Renault’s low-rolling concept car is made for the good life


Long, low and covered in shimmering gold diamond-shapes, the Renault EZ-Ultimo concept car, unveiled at the Paris Motor Show, looks unlike any car the French automaker has ever produced. Or, for that matter, unlike any car anyone has ever made.

Looking toward a future in which autonomously driven electric cars are hired to shuttle occupants around town, Renault designers envisioned the most luxurious version of such a machine. A high-end luxury hotel might have a fleet of these to carry guests to and from the airport, said Renault designer Stephane Janin. Or a couple might rent one for a special night on the town.
Renault designers have been exploring several different types of driverless vehicles. At the Geneva Motor Show in March, Renault showed off a less ornate vehicle called the EZ Go. It explored the idea of public autonomous transportation. With simple bench seats and huge windows, it could provide an inexpensive ride around a city.
In the EZ-Ultimo, on the other hand, a few occupants are concealed behind lattice windows covered in shimmering champagne-colored diamond shapes that look like fish scales. The car’s profile is low and sleek to suggest speed.
“It could have been much simpler but we wanted to create a piece of art,” said Janin.
Passengers can see out, but no one outside can see them.
The EZ-Ultimo’s techno-baroque exterior hides a futuristic smoking lounge interior with wood, deep green leather and marble surfaces.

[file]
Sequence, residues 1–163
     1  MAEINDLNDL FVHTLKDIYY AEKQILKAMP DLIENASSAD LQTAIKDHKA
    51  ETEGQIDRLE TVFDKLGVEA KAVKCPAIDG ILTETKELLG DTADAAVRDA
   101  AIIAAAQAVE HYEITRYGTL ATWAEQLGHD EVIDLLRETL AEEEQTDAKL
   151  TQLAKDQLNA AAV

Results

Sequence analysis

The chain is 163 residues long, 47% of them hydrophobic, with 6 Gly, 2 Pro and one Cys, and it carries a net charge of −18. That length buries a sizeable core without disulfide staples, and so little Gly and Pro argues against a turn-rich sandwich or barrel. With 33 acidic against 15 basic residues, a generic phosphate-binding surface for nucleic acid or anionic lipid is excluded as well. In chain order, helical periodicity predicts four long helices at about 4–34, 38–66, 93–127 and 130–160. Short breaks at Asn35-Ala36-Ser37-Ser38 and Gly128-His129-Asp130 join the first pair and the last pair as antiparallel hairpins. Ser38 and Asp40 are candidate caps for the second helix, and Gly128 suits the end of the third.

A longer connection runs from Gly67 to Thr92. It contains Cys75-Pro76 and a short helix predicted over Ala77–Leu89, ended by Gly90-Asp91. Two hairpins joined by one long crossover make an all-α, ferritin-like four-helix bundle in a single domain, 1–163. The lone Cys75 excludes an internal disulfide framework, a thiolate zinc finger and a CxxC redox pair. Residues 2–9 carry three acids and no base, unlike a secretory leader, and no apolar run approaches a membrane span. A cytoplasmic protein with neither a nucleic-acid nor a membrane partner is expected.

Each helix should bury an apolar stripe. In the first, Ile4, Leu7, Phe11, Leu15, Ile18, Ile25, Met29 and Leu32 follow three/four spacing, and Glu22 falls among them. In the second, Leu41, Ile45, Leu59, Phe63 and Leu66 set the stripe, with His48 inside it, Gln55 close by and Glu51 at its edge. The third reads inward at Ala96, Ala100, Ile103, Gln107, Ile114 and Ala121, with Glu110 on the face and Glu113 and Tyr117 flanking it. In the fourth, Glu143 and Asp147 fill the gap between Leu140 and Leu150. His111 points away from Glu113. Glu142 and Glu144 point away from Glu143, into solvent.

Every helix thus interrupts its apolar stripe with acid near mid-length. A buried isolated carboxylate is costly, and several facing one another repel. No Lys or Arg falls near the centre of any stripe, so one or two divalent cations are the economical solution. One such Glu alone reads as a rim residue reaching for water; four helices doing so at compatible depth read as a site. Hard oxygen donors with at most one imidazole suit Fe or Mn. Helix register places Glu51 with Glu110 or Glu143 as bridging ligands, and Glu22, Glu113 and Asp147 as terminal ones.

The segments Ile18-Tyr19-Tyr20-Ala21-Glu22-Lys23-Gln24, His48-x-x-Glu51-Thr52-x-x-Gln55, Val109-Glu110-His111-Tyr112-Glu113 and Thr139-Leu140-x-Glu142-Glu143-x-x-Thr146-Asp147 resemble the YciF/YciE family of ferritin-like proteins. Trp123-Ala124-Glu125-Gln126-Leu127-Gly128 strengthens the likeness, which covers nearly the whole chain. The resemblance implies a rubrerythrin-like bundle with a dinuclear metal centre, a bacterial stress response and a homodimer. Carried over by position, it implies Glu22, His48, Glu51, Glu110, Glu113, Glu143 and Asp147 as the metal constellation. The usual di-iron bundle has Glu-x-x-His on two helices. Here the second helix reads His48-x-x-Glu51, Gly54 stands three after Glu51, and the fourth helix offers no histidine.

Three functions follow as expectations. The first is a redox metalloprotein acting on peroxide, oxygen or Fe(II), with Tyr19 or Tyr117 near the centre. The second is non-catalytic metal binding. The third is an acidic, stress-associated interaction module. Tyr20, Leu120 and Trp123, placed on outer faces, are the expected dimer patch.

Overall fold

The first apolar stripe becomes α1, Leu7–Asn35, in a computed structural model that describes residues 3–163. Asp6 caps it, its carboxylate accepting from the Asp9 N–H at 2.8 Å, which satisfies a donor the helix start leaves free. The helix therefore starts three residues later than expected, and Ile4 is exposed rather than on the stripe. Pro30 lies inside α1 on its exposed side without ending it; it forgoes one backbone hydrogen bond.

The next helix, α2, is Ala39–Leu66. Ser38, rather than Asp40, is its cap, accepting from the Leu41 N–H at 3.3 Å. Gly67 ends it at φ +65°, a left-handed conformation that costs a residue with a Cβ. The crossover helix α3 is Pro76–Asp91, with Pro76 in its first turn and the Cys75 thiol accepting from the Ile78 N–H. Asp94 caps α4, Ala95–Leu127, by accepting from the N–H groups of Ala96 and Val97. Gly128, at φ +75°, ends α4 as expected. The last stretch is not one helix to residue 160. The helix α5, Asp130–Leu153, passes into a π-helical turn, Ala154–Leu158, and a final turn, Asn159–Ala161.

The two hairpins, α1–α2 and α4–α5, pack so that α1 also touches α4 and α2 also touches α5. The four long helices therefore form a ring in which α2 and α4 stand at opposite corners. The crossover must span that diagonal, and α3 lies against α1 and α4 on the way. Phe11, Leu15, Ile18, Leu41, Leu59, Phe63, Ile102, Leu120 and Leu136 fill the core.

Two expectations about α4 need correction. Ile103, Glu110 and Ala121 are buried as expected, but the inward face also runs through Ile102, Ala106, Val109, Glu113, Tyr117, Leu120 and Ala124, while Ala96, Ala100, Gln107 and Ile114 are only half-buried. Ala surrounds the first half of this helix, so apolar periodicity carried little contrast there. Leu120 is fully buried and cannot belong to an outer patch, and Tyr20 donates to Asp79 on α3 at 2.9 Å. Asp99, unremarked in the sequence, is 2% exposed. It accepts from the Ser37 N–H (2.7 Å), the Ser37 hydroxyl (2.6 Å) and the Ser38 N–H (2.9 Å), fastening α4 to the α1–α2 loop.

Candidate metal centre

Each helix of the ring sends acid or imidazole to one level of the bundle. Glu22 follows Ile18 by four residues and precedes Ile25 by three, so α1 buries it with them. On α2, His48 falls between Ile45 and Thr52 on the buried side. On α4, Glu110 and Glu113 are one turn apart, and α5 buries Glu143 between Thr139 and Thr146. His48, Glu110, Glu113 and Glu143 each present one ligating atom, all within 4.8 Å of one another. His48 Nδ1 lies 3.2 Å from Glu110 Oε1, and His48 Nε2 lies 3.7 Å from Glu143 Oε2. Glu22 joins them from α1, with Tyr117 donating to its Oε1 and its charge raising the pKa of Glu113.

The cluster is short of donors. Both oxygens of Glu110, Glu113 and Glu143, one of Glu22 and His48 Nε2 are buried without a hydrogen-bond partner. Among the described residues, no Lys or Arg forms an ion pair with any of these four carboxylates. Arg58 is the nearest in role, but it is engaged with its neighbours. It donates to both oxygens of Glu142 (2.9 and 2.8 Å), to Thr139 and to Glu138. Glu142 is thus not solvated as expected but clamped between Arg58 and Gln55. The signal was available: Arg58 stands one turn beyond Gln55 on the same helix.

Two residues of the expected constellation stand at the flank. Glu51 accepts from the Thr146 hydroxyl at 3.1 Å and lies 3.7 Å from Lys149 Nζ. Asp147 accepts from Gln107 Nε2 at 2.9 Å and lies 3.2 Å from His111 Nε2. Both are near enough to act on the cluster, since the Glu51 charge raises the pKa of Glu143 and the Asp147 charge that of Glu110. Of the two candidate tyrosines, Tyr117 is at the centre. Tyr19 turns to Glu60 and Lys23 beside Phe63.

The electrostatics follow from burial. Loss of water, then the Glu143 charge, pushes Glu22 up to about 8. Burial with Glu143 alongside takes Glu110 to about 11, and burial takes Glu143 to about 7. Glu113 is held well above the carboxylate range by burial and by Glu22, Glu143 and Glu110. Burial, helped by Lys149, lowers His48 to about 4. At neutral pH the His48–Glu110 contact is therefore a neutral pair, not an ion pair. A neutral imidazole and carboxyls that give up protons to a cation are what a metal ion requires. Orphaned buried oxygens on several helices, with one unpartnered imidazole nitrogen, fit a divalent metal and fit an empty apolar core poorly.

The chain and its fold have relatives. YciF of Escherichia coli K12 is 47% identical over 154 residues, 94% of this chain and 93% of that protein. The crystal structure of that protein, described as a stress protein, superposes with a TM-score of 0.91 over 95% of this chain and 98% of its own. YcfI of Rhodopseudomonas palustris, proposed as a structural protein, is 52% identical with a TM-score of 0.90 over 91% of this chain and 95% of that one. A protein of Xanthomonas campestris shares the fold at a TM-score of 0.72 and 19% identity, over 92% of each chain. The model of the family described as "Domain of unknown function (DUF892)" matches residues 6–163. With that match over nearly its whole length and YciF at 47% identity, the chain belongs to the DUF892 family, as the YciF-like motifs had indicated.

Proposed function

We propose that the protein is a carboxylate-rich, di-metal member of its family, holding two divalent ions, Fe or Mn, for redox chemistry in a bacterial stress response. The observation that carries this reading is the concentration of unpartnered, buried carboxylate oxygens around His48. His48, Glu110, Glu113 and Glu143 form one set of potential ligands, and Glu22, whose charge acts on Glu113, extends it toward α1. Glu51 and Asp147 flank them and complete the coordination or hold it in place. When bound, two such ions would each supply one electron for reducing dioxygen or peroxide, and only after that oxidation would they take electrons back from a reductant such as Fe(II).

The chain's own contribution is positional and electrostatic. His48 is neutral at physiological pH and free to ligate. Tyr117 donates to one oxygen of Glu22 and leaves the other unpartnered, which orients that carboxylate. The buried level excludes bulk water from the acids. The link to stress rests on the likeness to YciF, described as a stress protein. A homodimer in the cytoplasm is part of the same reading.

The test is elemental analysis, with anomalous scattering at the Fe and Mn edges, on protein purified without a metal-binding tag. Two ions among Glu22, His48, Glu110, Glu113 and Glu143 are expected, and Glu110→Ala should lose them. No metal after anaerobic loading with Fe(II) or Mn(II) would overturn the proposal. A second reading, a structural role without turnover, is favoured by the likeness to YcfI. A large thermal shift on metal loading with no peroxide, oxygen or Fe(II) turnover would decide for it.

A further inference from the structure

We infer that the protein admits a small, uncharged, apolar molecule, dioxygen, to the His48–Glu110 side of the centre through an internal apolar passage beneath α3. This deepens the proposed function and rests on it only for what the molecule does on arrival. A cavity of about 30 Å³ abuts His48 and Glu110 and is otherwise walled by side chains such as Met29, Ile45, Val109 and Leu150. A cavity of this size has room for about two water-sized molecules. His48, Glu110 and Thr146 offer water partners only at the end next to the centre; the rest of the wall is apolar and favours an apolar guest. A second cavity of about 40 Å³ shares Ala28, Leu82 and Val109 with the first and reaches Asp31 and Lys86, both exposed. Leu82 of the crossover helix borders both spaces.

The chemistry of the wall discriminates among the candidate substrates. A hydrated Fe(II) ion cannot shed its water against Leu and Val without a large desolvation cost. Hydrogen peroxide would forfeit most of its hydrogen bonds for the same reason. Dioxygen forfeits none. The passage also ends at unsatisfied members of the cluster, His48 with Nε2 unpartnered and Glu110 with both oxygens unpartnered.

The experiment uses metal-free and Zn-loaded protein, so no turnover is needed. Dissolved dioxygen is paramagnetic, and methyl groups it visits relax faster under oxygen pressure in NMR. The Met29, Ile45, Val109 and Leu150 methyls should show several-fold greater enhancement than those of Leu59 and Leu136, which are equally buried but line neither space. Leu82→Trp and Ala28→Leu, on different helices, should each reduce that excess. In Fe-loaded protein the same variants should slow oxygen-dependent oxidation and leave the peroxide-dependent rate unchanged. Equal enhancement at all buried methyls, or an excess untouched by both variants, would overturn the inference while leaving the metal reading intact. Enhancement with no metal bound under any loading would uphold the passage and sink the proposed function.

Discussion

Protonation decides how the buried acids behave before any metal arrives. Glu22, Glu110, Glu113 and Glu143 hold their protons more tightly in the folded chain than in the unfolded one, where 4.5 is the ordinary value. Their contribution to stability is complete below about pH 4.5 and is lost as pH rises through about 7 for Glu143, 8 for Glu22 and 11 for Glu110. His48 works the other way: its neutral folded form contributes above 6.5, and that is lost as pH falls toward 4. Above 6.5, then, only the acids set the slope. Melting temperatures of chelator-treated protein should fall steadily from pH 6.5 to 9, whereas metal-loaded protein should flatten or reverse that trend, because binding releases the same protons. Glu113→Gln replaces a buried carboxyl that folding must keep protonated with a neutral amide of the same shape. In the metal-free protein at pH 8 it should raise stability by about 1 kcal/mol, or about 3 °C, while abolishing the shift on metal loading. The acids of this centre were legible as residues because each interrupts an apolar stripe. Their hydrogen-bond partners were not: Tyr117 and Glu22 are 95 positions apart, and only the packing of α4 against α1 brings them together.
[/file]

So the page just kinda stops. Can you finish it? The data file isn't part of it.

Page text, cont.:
Instead of looking to luxury cars for inspiration in creating the interior, designers turned to high-end boutique hotels.
“We are lucky in Paris that there are many new [boutique hotel] projects going on and we went to many of them,” Janin said.
Since the vehicle is self-driving, designers were freed from having to create a traditional automotive interior with a focus on a forward-facing cockpit. Instead occupants face one another in seats that resemble nice office furniture, including armchairs and a bench seat.
As this is a concept vehicle, designers had much greater freedom than if they were working on a car that had to meet real-world requirements. Given how closely it hugs the ground, for instance, the EZ-Ultimo clearly could not drive for long on real roads.
Still, the vehicle suggests some general possibilities for a rapidly approaching world in which automobiles take on new roles as people are freed from having to control them. Despite its opulence, the EZ-Ultimo is also designed to be affordable to rent — at least for short periods of time — to almost anyone, said Janin.
The car was unveiled as Renault celebrated the 120th anniversary of its founding by brothers Louis, Marcel, and Fernand Renault in 1898. Their initials, LMFR, are embossed in the car’s interior. Today, the automaker is part of the Renault-Nissan-Mitsubishi Alliance. Last year, the Alliance announced a program to work together more closely on electric and autonomous vehicles.